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The Credit Portfolio Management by Structural Models: A Theoretical Analysis

Abdelkader Derbali
International Journal of Global Energy Markets and Finance. 2018, 1(1), 11-20. DOI: 10.12691/ijgefm-1-1-3
Published online: April 24, 2018

Abstract

The purpose of this paper is to study the credit portfolio management by the structural models (Moody's KMV model and Credit Metrics model) also defined by the models of the value of the firm. The development of this type of models is based on a theoretical basis developed by several researchers. The evolution of their default frequencies and the size of the loan portfolio are expressed as functions of macroeconomic and microeconomic conditions as well as unobservable credit risk factors, which explained by other factors. We develop two sections to explain the different characteristics of those two models. The purpose of all its models is to express the default probability of credit portfolio.

1. Introduction

The problem of evaluation of the failure probability of any borrower was the center of the bankers as soon as they began to lend some money. The quantitative modeling of the credit risk for a debtor is rather recent in fact. Besides, the modeling of the credit risk associated with instruments of a portfolio of credit such as, the loans, the pledges, the guarantees and the by-products (who constitute a recent concept).

A certain number of models were developed, including at the same time the applications of property developed for the internal custom by the financial institutions, and the applications intended for the sale or for the distribution 1.

The big financial institutions recognize his necessity, but there is a variety of approaches and rival methods. There are two types of models of credit portfolio in the course of use at present 2:

• Moody's KMV model (Portfolio Model).

• CreditMetrics model by JPMorgan.

The main idea for this study is to answer the question follows: How the default probability is defined by the credit portfolio models?

Then, the organization of this paper is as follows. In section 2, we present the fundamental of structural models and we define the forces and the weaknesses of each model. We provide the presentation of the Moody's KMV model in section 3. The section 4 is considered to present the development of the CreditMetrics model by JPMorgan. Section 5 concludes.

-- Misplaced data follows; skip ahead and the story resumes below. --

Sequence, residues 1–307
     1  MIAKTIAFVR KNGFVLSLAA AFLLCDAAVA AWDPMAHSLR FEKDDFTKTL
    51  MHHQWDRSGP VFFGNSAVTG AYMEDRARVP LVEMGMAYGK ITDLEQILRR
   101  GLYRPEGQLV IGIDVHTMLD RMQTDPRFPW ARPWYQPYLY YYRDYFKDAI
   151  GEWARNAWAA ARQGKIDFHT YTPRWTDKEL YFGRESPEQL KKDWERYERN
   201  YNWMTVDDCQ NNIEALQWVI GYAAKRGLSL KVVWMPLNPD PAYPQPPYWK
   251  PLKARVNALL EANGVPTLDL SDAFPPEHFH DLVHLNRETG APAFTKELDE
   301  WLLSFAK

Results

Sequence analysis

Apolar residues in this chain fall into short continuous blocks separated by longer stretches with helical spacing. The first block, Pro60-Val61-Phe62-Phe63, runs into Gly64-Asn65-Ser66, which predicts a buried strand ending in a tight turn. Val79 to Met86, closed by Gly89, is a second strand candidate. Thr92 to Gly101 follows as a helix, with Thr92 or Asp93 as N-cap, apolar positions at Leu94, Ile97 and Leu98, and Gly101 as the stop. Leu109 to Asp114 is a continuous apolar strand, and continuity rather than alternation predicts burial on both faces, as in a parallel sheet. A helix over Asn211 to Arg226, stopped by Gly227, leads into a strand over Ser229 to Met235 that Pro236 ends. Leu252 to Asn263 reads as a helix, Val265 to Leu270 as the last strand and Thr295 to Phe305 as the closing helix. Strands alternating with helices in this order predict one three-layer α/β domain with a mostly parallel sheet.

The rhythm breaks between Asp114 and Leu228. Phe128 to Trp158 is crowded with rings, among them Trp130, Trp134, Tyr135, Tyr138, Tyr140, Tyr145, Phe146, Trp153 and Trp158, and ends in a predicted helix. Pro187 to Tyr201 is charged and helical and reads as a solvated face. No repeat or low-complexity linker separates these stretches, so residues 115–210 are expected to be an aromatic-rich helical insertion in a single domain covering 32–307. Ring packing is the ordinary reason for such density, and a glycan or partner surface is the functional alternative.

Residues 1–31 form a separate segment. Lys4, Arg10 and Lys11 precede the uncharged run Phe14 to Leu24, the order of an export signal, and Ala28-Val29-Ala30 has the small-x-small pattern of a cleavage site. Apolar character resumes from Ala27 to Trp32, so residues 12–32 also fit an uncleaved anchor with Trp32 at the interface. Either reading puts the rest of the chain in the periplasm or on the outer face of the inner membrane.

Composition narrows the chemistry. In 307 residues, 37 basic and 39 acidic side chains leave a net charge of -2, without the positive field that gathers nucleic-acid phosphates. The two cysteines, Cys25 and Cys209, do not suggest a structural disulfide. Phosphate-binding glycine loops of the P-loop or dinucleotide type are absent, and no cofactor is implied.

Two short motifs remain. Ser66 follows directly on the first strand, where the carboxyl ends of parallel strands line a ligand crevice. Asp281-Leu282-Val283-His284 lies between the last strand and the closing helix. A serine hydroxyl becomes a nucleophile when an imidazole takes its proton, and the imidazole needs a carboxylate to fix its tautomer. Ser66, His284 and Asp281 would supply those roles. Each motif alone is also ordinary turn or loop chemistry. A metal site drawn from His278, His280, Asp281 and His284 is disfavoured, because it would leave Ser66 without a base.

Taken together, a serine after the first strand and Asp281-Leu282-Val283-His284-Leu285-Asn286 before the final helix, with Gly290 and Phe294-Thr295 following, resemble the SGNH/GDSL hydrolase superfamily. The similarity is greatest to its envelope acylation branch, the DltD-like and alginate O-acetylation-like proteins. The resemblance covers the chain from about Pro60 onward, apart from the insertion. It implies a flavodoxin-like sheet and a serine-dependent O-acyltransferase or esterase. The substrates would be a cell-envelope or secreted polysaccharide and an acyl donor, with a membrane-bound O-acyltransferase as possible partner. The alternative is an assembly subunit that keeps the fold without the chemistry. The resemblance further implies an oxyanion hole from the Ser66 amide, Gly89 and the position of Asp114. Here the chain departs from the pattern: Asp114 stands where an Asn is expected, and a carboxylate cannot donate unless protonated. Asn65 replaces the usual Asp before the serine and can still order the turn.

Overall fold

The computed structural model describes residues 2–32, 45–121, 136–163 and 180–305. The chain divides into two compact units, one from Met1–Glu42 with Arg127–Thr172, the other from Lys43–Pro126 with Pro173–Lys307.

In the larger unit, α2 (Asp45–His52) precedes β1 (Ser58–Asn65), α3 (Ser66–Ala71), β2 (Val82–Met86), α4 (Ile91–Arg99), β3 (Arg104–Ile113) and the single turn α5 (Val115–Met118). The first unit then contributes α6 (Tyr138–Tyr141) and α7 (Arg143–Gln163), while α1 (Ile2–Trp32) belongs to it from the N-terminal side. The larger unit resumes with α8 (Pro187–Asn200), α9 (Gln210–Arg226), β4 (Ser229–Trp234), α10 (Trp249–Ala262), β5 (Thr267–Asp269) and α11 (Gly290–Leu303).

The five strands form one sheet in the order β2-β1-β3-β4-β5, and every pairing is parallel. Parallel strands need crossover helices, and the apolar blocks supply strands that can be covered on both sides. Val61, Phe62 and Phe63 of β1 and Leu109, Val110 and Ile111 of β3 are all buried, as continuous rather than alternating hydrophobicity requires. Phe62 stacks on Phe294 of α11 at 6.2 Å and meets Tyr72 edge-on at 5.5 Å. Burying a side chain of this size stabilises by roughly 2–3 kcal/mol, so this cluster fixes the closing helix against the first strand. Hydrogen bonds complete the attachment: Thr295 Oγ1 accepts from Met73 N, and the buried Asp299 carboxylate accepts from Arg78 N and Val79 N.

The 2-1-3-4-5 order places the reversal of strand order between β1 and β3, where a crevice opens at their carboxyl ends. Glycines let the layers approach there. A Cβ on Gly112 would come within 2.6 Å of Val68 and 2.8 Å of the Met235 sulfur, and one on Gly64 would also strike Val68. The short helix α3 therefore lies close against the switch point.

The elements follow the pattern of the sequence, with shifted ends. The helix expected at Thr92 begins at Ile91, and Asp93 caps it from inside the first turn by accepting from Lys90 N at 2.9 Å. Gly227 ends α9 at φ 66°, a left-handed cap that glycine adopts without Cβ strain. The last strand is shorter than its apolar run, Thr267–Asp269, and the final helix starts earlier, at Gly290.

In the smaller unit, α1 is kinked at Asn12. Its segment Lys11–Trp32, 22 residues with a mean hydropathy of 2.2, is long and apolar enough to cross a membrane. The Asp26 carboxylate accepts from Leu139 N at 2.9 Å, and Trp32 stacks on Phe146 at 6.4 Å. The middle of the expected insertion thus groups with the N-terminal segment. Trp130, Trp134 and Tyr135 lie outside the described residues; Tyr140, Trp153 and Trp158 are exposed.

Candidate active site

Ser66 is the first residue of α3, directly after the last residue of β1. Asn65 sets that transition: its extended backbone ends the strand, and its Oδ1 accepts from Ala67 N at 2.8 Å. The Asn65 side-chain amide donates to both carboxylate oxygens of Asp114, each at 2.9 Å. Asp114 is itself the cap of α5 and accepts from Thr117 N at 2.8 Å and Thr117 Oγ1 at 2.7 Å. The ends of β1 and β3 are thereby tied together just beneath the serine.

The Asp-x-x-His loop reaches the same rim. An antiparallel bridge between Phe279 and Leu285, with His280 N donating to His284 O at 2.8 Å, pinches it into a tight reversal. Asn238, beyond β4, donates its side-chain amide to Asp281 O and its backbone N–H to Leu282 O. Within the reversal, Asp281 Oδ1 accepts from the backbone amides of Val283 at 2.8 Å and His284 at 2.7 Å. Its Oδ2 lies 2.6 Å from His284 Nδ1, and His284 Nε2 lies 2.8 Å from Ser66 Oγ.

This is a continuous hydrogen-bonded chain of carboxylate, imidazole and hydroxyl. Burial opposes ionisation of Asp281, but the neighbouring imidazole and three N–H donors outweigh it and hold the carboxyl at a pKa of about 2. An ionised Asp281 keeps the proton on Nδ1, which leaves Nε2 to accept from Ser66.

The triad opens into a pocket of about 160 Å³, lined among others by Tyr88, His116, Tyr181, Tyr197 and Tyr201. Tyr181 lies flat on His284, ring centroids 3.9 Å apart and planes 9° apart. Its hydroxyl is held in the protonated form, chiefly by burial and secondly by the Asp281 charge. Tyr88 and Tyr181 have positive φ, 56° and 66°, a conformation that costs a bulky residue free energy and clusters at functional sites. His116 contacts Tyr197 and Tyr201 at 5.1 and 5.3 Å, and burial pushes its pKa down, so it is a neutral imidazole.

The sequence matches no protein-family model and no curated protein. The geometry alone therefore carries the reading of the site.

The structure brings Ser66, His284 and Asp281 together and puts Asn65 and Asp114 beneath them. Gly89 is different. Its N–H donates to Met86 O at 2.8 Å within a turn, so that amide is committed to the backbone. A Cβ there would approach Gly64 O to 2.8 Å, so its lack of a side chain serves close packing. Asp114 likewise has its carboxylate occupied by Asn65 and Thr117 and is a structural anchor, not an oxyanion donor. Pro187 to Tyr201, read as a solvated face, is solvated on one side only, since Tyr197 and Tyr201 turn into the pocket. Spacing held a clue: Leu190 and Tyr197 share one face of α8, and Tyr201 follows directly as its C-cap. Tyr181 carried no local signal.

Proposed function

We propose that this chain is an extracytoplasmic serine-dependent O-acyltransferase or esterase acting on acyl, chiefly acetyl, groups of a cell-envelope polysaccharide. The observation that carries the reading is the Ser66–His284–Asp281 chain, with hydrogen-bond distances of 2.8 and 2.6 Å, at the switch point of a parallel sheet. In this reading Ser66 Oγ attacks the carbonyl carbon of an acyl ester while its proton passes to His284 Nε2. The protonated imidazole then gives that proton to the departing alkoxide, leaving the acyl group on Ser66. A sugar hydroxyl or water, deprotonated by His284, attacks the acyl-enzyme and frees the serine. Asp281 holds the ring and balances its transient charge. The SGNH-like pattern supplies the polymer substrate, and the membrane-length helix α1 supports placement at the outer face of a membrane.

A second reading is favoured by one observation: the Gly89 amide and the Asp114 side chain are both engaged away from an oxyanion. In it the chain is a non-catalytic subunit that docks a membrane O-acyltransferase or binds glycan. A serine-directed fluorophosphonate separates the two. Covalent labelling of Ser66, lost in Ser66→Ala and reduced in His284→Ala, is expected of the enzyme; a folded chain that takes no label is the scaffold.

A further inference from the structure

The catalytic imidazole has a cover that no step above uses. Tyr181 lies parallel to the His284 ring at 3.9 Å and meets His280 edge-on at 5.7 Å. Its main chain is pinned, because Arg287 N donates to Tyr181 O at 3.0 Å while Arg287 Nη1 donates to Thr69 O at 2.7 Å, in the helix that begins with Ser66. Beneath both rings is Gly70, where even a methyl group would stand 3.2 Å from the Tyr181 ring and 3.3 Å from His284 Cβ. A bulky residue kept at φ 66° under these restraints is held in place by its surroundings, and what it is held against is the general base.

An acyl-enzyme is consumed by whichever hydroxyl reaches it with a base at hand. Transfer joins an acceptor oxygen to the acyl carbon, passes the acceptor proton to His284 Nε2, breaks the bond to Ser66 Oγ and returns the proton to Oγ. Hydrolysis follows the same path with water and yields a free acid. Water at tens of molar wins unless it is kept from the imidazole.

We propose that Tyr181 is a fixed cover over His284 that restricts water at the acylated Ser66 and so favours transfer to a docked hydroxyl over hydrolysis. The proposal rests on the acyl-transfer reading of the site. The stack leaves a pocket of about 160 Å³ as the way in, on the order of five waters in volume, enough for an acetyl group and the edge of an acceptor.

2. The Structural Models

The structural models of management of credit portfolio were presented by Merton 3 and then, developed by Leland 4, Leland and Toft 5, Anderson and Sundaresan 6 and Jarrow 7. The characteristics to define a structural model are given by two conditions:

• The process of management of the assets of the company has to be known on the market in which this one operates.

• The structure of the liabilities of the company has to be known by all the actors operating on the market of this one.

In the practice, to examine the models of management of credit portfolio, it is necessary to employ parameters estimated implicitly because the values of the assets of the company are not observable. Nevertheless, the majority of the empirical evidence does not retain the structural models. The implicit prices obtained from the structural models does not seem to match the structure of maturity of the efficiencies on the assets of the company 7, 8, 9, 10 and to allow the forecasts of defect of the borrowers.

The analysis of the model of Merton 3 finds that this one supposes that the value of the firm follows a process of distribution and the defect occurs when the value of the firm falls below the nominal value of the debt on the date of maturity of this one. In this respect, this model serves to determine a threshold of defect.

The development of Merton's model is made by adding the other variables such as; the interest rate, the optimal permanent capital, the variable time of the threshold of default, the unfinished accounting information and the risk of the events of defect.

The structural models are based on the theory of the options and the structure of the capital of the company 11. In this aligned, the bankruptcy of a company took place when the value of assets is situated below the value of its debt. The structural models or the models of the value of the firm are based on the approach of Merton 3 which supposes that the failure of a company appears in case the market value of its assets is lower than a certain threshold of its debts.

Generally, the models of credit portfolio management resting on the approach of Merton are the model KMV (Kealhofer, McQuown and Vasicek) of Moody and the CreditMetrics model of JPMorgan (1997). The distinction between both structural models was described in Table 1.

The structural models are also called models of the asset volatility. The Structural aspect of the models comes because there is a historical story behind by default that is something manages to start by default. The structural models are rooted in the knowledge of Merton. In Merton's model, the correlation of defect has to be a function of correlation of assets. The estimation of a structural model requires the implementation of the market value of the assets of the company and its volatility.